Mayan Mysteries by Dig-It Games (review)
There is nothing better than having summer vacation start with a new video game for those days when it’s just-too-hot to be outside! The Mayan Mysteries Online Game is an experience in interactive archaeology from Dig-It Games, who previously brought us the award-winning Roman Town. (See our review of Roman Town.)
Who is Mayan Mysteries for?
Designed for grades 5-9, Mayan mysteries does include information on warfare and sacrifice, as these were an integral part of Mayan life. However, no violent or graphic images are shown.
Both my just-turned-11 daughter and 13-year-old son played it through, and neither found anything they considered objectionable; their recommendation regarding the lower age range is that the student “read pretty well and be able to do the math, because otherwise, some of the puzzles will be kind of hard.”
For the upper end of the age range, my 13-year-old did say that he thought he was about at the older end – it was interesting, so he kept playing, but there *were* a few things he found silly, borderline too-babyish.
What is Mayan Mysteries about?
You’ll discover the wonders of the ancient Mayan civilization through digging up artifacts, solving puzzles, understanding the Mayan calendar, and more while adventuring with Team Q as they search for thief Ladrone and explore the city of Ich’aak.
The Mayan math system will puzzle you, the story will enchant you, as you follow along with Professor Alex Quinn and his niece and nephew, Fiona and Charlie. This mystery isn’t for the faint of heart; it will take hard work to uncover the lost riches and secrets of the Maya people.
What system requirements do I need to play Mayan Mysteries?
We played the web version, which works in your browser and so is compatible with both PC and Mac computers. It worked equally well on both newer Windows 7 laptops and an old XP desktop, so it’s pretty flexible and forgiving. It’s also available for iPad tablets. (For reviews of the iPad version, click the link at the end of this post.)
How many people can play Mayan Mysteries?
When you purchase a single-user license ($21.99) for Mayan Mysteries, it’s valid for one year from the purchase date. Single-user doesn’t just mean that one person can play it, though – when one child is finished, another one can play!
Mayan Mysteries isn’t just for homeschoolers
It’s for anyone who enjoys game-delivered learning, and best-of-all, the kids don’t even need to know it’s educational. Just forget to tell them that part, and watch them have fun and learn lots about the ancient Mayan civilization while they’re at it!
How do you use Mayan Mysteries?
If you’re using the online version, it’s easy. Simply purchase, then log in once you receive your activation code, and you’re ready to go. If you want to see what gameplay is like, there’s a free demo of Mayan Mysteries, and I encourage you to try it out before purchase. If you let the kids try it out, be prepared for begging and pleading… and don’t say I didn’t warn you.
How we used Mayan Mysteries
Way, way too fast. The kids were so *into* it that they wanted to play it straight through – and so it only lasted each about three days on their first trip through the game. Afterwards, of course, since they’d broken some artifacts and wanted to better their scores, they’ve been taking a much more leisurely trip through the Mayan civilization.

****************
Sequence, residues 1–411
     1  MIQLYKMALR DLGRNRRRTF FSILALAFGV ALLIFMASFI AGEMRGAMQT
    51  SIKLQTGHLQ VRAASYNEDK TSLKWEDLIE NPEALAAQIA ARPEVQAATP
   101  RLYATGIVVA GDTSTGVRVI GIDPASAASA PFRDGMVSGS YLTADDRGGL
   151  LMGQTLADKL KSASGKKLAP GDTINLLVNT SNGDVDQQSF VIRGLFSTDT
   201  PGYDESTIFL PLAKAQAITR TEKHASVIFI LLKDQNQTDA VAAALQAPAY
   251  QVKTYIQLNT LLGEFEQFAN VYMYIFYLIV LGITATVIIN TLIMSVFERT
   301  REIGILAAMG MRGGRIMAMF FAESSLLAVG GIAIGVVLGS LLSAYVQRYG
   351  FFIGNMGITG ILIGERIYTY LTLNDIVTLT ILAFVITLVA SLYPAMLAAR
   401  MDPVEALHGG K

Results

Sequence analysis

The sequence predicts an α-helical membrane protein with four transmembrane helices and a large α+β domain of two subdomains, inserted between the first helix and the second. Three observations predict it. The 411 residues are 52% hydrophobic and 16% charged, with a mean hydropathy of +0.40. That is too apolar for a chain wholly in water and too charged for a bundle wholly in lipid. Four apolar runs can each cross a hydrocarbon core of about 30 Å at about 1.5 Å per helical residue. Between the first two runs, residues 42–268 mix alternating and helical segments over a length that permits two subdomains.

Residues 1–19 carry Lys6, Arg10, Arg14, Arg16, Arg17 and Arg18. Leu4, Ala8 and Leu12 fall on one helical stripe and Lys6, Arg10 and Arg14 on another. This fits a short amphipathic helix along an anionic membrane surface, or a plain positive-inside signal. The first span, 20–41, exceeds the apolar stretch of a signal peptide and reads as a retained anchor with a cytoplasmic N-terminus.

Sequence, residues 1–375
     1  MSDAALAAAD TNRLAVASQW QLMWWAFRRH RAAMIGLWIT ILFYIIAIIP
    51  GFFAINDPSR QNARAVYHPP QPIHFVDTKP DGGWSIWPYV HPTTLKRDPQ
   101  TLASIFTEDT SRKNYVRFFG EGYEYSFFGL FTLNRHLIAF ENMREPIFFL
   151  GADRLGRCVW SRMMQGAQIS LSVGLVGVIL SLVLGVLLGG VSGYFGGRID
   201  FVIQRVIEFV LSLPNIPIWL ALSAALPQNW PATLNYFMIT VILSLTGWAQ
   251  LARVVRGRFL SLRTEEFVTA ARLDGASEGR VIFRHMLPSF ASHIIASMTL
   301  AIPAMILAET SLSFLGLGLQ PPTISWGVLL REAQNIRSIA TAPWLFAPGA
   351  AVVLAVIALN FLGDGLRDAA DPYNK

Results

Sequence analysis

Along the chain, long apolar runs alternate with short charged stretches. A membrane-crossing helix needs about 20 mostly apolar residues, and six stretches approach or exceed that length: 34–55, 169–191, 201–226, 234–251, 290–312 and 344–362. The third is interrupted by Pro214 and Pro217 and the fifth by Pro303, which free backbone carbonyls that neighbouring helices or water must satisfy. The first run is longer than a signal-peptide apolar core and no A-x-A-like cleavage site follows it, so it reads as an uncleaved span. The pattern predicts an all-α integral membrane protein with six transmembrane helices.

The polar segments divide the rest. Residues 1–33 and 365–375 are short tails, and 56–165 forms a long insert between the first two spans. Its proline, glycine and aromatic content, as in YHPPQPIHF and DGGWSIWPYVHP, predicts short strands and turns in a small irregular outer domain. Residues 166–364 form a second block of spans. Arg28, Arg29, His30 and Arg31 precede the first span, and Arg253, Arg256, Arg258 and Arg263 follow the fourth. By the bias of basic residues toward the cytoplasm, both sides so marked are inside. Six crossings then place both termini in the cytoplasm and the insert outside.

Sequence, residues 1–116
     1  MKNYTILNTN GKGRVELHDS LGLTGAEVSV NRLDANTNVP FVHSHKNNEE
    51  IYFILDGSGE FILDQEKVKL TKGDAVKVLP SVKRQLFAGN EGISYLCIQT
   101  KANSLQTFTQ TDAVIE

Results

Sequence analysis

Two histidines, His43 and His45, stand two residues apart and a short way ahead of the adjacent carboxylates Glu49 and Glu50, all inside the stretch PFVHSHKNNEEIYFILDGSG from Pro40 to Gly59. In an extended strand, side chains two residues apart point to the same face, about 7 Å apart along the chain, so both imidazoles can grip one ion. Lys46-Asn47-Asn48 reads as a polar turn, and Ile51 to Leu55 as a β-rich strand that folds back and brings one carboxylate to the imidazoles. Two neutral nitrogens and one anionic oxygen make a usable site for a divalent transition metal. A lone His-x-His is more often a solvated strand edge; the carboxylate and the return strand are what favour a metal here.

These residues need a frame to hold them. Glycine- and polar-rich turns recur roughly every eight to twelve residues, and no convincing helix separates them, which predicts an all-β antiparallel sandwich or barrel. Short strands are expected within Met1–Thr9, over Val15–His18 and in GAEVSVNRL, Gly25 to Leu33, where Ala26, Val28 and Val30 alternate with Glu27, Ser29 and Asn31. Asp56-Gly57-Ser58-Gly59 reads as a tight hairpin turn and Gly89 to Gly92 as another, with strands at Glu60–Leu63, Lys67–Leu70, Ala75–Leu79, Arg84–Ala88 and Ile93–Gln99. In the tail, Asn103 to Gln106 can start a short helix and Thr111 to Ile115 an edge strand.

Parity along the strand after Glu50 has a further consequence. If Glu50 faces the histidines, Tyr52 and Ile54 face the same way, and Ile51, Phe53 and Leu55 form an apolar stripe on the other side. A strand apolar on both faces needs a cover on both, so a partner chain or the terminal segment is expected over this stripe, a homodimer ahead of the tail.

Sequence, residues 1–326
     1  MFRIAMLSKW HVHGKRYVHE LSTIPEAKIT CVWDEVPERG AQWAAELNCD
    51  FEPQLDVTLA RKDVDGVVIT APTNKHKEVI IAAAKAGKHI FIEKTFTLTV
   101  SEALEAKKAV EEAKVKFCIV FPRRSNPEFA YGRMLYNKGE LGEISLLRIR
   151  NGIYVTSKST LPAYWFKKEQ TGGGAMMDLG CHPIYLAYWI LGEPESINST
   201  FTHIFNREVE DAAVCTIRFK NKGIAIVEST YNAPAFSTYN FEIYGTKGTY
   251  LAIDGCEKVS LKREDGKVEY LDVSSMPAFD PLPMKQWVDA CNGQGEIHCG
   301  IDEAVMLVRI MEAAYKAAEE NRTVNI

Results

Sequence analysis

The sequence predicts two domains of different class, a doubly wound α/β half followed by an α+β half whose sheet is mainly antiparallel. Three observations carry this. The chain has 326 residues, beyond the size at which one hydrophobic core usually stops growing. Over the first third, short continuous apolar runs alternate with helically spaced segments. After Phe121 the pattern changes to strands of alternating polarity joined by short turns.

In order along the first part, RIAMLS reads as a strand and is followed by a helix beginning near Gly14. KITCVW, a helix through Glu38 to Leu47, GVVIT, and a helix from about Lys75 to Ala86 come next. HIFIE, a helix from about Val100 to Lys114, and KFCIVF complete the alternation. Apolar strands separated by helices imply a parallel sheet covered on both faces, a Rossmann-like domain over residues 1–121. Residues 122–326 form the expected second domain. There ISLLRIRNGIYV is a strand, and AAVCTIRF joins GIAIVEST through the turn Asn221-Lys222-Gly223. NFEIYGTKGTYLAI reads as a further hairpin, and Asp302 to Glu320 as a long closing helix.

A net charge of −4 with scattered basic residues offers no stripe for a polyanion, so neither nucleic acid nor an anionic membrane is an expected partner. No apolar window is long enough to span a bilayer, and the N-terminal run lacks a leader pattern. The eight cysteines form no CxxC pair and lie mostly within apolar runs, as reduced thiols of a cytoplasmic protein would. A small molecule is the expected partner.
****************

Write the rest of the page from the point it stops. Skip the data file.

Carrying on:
In fact, that was their only complaint – they wanted more. More, more, more. I have to admit, they’re right – it *is* on the short side, even for a web-based game – and that makes me feel like it’s a tad overpriced, at least for the web version.
Then again, the first thing that they BOTH asked, as soon as they were done with the game, was “can we get the second one?” At the end of the game, there’s this little tiny mention of the next title in the series… and it’s clearly a good enough game that they are ready for more.
Something that surprised me about Mayan Mysteries
I absolutely, totally, 100% suck at digging. I asked the kids about the digging, to see if they’d encountered any frustration like I did – nope, not at all. The tools worked just fine and dandy for them. So… if you’re like me, and you struggle with the digging tools – don’t worry, the kids almost certainly won’t. (No, I’m not fessing up how many items I broke because I was just too impatient… let’s just say the kids were amused at my grumbling, and leave it at that.)
A really cool mini Mayan encyclopedia
This was one of the really nifty things we discovered – there’s a built-in mini encyclopedia about the Mayan civilization inside the game. It covers numerous topics of history, culture, society, and the environment – and it’s all interlinked, so that the player can follow their curiosity and learn more. Not something I anticipated, but it’s much appreciated. While Mayan Mysteries would be a great compliment to a study of the Mayans, it does a fine job as a unit study all on its own.
Is Mayan Mysteries a good value?
Me, personally – I would balk at the price for the web version, knowing the length of the game – especially if there will be multiple installments that the kids would also want to play. It’s a little steep. The pricing on the iPad app is a bit more reasonable, at $9.99 – a bit high, in my opinion, but then, most games for the iPad are.
If the price for #2 is similar, that’s a decision that would require a lot more thought – $9.99, that’s almost impulse-purchase range. The $21.99 for the web version, though, is just not so justifiable on a our limited budget… of course, your mileage may vary.
What do you think?
Do you like the trend toward web-based and mobile gaming? Will this make edutainment that much more portable and accessible for every family?